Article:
“I can see this dilemma, this issue, and then from there, I can build up what might have happened and what could have happened and how would this affect the people around it. I think it really helps. It saves you a lot of words later on.

“People who read it and think, ‘Well, it’s not for me’, are probably not going to like the rest of the book. I like to just get it all out there, really.”

On Writing A Small Town

Jane Harper’s The Dry takes place in a small town: an aspect of the novel that readers and fans continuously rave about. During an interview with BookPage, Jane talks about what inspired her to write this fictional town:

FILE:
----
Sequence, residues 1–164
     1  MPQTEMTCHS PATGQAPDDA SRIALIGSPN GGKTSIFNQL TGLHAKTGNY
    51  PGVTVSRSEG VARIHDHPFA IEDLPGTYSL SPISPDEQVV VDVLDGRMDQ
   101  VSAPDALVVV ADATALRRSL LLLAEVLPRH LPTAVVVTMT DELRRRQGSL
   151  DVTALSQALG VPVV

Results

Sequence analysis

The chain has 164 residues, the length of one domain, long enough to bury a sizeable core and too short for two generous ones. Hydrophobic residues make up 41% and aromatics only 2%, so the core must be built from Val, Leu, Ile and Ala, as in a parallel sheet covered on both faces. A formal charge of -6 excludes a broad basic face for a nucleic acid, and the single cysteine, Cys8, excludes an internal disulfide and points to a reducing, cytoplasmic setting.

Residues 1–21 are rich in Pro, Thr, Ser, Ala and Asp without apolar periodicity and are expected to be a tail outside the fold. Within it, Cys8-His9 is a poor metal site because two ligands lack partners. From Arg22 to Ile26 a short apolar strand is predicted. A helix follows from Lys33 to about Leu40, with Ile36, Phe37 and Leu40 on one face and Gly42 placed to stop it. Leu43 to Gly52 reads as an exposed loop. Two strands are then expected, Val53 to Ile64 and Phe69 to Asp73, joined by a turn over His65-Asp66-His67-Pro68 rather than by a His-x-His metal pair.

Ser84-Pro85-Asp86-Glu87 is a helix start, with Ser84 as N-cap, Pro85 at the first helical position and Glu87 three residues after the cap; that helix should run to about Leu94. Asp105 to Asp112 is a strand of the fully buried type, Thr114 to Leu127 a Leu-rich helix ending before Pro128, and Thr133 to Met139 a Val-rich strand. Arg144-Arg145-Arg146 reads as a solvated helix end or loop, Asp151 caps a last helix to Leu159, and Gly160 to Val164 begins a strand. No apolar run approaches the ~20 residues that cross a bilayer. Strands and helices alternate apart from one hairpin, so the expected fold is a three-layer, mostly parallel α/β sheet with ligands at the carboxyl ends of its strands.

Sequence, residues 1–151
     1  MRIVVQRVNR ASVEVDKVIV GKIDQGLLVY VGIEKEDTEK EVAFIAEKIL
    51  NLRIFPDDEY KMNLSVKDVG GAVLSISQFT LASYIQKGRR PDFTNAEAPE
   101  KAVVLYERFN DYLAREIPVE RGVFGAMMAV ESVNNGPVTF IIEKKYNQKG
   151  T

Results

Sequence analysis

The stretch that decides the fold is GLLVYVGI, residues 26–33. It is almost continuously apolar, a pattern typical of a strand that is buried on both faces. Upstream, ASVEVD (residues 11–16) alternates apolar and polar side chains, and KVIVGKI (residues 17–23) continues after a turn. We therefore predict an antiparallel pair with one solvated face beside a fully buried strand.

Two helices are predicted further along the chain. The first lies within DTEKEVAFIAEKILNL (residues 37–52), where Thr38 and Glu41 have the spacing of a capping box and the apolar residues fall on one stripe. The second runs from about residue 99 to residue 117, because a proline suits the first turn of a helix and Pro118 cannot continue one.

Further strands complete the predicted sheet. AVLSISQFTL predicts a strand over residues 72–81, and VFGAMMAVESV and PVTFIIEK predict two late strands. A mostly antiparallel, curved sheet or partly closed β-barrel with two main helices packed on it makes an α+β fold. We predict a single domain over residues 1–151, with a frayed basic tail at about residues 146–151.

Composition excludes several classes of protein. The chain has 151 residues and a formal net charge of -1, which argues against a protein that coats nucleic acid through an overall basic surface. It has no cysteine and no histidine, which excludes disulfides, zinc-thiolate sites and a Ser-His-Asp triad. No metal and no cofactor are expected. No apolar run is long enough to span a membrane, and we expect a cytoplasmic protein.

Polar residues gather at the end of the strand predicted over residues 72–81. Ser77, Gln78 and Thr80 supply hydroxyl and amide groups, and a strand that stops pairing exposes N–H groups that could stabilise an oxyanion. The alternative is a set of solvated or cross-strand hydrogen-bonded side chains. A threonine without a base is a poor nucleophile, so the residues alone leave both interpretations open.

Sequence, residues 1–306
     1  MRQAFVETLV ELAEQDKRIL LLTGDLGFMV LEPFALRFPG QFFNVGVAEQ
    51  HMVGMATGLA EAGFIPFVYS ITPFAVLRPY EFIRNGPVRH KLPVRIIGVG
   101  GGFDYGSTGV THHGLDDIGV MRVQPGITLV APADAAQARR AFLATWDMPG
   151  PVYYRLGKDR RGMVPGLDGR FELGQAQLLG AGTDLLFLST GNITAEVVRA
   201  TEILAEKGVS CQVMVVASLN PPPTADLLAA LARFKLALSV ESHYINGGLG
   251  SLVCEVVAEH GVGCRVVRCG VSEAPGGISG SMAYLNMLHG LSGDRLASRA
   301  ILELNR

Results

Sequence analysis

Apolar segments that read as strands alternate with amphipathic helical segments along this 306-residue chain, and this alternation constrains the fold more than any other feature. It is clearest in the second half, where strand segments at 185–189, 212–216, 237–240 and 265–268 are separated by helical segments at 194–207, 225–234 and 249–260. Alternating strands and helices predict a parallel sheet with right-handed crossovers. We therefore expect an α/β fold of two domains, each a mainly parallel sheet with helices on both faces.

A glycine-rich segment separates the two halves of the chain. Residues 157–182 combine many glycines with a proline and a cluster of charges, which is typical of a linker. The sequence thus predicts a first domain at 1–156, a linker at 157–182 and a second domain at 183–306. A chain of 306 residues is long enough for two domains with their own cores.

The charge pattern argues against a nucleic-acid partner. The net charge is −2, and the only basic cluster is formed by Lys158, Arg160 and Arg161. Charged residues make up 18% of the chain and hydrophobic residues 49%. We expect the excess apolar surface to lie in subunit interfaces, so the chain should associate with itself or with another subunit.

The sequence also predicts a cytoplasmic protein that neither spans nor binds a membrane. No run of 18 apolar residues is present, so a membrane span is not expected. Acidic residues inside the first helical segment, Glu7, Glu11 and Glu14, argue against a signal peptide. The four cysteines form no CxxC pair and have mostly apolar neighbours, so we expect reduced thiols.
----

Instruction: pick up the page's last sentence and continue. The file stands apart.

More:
“For the physical description, I wanted to give readers enough detail to picture the scene, but not so much that it slowed down the story. I tried to really focus on specific aspects that brought that Australian setting to life and set the town apart from anywhere else in the world.

“In terms of the relationships within the community, I think they are much more universal and I was inspired by a lot of places I’ve been over the years, not just small towns and not even just in Australia. I think all communities have their own specific problems that put pressure on the residents. I hope that the feeling of neighbors knowing more about you than you’d like or the sense of being tied to a community that you have outgrown strike a chord with readers in many places in the world.”

How to Write A Successful Crime Novel